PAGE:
On Philip Hoffman
Philip Hoffman is certainly one of the most important experimental filmmakers in Canada, especially in terms of his diaristic work, in which private memories, personal genealogies and anecdotal serendipities are assembled into a self-portrait that defies the limits of conceited autobiography. Within the contemporary Canadian avant-garde, Hoffman might very well be the leading cineaste of his generation. But Hoffman’s contribution to Canada’s cultural scene goes beyond his remarkable filmography. His involvement in Toronto’s artistic community, his curatorial practice and his work as an educator at York University render him a true public intellectual, whose influence is as diverse as it is lasting and palpable.
As a scholar of Canadian cinema, I have always admired Hoffman’s ability to capture our shared experience of superimposed lives; lives that are at once grounded in the reality of a familiar landscape and propelled into an imaginary web of polymorphous identities. His films are deeply committed to tracing the intimate correlation between the awareness of local spaces and the uncertainties of geographical and cultural otherness.
This is at the core of one of his most celebrated films, Kitchener-Berlin (1990). Here nostalgic home movies and WWII footage of bombings over Germany are juxtaposed to create a deeply emotional yet lucidly political commentary on the historical coincidence of immigration that binds small-town Ontario and Nazi Germany. As is always the case in Hoffman’s films, the link between Kitchener, formerly known as Berlin, and its European counterpart is not a simple one. The eerie luminescence of the home-movies, the uncanny grayscale of archival stills showing various moments of Kitchener’s local history and the haunting soundtrack all combine to make the familiar Canadian space look surreal; and conversely, it is present-day Germany that looks most authentic and concrete as Hoffman constructs that space through a documentary mode of address. The increasingly intangible sense of locality as the film unfolds gives new form and depth to Frye’s famous observation that Canadians are haunted by the question “where is here?”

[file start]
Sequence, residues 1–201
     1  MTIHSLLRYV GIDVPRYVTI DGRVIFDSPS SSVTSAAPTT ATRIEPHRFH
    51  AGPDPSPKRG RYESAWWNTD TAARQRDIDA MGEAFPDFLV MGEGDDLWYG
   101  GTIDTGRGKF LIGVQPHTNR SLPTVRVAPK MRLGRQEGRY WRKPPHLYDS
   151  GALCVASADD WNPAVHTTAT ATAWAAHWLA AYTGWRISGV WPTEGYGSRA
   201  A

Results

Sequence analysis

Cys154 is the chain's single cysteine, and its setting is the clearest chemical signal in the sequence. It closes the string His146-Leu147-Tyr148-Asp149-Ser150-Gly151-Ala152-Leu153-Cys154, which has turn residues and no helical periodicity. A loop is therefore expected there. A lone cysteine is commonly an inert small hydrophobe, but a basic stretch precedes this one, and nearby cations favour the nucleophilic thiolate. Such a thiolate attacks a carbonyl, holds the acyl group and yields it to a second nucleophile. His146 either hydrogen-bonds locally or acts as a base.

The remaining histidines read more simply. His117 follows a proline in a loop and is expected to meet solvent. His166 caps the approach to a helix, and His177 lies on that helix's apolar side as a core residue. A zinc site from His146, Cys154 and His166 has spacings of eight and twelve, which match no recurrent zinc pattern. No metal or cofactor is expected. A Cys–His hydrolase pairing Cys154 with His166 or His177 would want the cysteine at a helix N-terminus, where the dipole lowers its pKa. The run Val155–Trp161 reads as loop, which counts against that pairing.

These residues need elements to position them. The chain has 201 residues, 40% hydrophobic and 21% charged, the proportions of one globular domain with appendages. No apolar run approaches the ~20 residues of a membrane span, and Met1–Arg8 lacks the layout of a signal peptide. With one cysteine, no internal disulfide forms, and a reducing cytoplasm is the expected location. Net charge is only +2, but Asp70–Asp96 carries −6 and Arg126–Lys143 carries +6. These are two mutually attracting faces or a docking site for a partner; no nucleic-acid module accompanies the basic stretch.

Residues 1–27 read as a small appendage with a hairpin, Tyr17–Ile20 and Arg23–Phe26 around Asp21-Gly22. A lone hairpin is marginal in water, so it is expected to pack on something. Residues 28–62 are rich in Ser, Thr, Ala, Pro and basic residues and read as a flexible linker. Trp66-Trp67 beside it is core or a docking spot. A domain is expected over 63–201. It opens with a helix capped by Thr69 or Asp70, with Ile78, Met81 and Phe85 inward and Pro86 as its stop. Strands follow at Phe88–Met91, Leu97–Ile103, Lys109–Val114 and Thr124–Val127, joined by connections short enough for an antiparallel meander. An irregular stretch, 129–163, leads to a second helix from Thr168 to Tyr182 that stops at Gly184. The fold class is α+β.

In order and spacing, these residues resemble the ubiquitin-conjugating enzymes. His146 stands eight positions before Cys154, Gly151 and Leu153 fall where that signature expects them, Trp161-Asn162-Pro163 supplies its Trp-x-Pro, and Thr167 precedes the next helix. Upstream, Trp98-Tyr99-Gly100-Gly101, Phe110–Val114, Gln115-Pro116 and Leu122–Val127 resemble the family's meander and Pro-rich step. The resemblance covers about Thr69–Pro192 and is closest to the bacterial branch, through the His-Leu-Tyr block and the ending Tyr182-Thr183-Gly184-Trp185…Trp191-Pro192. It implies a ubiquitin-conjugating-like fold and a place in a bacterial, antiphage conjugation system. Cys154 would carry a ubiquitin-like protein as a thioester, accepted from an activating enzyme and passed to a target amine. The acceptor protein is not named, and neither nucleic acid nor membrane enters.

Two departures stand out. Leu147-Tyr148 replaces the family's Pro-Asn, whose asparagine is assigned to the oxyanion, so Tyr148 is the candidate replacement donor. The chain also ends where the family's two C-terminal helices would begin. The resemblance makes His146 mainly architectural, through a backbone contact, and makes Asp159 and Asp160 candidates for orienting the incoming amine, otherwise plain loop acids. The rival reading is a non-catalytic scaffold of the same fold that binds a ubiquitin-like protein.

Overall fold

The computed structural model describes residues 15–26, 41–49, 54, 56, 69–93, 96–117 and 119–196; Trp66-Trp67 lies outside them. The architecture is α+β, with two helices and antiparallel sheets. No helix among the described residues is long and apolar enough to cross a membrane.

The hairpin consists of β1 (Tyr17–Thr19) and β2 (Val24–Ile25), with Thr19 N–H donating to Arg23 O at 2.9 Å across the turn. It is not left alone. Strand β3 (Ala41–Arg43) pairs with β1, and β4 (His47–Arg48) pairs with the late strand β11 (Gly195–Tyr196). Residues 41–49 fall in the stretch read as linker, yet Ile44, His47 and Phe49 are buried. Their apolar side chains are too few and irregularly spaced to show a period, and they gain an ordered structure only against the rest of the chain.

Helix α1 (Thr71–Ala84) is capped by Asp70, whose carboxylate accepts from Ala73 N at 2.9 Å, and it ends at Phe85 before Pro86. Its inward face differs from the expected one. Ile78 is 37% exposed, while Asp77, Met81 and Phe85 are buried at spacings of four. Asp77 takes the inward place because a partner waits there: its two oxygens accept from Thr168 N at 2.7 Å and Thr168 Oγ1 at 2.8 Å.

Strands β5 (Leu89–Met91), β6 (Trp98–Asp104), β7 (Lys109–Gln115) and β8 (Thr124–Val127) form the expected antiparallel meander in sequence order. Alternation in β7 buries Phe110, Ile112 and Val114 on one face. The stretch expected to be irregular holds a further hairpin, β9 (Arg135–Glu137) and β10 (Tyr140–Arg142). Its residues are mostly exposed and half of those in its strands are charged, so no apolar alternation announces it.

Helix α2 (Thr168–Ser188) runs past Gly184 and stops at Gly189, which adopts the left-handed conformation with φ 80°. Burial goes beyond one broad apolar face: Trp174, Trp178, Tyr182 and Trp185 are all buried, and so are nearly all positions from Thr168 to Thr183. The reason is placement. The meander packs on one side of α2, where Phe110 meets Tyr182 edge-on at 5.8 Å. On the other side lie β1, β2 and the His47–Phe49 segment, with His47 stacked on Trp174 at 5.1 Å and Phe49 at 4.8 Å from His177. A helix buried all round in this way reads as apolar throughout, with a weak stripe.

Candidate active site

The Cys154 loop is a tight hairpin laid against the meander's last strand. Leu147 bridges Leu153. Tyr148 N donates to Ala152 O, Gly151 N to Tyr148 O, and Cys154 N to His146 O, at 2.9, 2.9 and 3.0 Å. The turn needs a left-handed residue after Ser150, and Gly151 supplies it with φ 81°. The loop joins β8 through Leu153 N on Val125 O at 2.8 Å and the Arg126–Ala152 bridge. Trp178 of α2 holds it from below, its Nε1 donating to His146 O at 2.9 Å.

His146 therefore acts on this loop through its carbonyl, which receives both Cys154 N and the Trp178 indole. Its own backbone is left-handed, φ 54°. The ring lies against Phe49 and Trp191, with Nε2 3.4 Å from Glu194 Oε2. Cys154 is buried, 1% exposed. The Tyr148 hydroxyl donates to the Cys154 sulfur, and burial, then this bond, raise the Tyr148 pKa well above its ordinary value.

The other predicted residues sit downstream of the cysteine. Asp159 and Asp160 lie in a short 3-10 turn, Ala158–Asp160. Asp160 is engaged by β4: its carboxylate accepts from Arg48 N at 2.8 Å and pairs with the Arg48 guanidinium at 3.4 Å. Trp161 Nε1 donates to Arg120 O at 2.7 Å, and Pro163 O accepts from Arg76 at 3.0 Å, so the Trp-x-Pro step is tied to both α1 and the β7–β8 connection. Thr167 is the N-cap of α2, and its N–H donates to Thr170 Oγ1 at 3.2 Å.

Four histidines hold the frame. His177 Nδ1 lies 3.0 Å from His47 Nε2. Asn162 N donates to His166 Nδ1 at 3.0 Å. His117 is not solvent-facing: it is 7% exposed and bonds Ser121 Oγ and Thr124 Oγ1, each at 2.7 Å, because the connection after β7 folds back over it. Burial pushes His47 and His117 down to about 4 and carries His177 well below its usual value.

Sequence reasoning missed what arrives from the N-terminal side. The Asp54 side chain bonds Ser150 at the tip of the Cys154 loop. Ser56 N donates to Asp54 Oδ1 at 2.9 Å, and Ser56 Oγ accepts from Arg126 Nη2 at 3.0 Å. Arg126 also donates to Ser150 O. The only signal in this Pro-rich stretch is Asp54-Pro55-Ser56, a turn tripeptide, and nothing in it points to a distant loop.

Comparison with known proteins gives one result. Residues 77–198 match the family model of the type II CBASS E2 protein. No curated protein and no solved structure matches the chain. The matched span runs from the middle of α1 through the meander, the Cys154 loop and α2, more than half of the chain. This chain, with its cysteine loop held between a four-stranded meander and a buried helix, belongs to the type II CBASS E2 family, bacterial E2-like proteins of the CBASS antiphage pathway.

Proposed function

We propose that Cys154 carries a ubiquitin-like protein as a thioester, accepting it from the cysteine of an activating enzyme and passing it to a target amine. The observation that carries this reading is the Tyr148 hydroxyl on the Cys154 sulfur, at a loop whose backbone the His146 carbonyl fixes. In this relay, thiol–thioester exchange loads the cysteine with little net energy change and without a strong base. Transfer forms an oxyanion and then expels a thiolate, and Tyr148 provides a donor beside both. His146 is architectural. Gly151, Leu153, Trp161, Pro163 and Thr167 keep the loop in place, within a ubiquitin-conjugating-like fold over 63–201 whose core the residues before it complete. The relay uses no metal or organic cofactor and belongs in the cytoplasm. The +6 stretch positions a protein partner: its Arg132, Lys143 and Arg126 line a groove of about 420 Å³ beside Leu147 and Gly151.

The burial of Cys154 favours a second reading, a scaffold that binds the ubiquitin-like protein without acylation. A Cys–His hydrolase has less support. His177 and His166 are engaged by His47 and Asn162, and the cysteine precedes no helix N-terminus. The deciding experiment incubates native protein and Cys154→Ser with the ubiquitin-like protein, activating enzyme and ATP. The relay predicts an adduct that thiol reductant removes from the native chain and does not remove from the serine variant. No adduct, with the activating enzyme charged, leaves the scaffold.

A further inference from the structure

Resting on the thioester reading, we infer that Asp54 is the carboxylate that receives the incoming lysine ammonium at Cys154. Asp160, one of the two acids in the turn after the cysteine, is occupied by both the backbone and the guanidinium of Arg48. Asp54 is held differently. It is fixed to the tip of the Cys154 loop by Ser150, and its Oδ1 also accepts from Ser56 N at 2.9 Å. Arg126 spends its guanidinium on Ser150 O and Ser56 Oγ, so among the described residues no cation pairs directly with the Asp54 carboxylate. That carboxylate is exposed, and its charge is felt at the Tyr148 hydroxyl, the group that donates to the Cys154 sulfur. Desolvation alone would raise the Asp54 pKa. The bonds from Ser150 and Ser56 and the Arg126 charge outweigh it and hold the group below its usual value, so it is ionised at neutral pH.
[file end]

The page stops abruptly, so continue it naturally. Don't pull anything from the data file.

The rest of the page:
If there is a “here” to be found anywhere in Hoffman’s cinema it is in the surface of things: the grain of old archival film; the light touch of fingers on a keyboard; the translucence of leaves; the coarse façade of brick walls; the texture of aging skin. The tangibility of water, wood and earth in River (1979) and Sweep (1995) assert that the value of objects is found in the ontology of touch. Even the artificial hues of television screens showing news reports on the Gulf War in Technilogic Ordering (1994) draw the spectators attention to the absence of depth in the chatter and auditory chaos that emanate from the flickering cathode tube.
Hoffman’s work thus stages film’s fundamental dichotomy as a device that records the materiality of existence and a window into memory as the elusive anchor of private and public identity. This is especially true of my personal favorite, passing through / torn formations, which stands as one of the most haunting memory films made in this country. This audiovisual journey through the cineaste’s genealogy combines the tactility of documentary film with the evanescence of formalist experimentation to construct a multilayered narrative of attachment, impermanence, belonging and fluidity.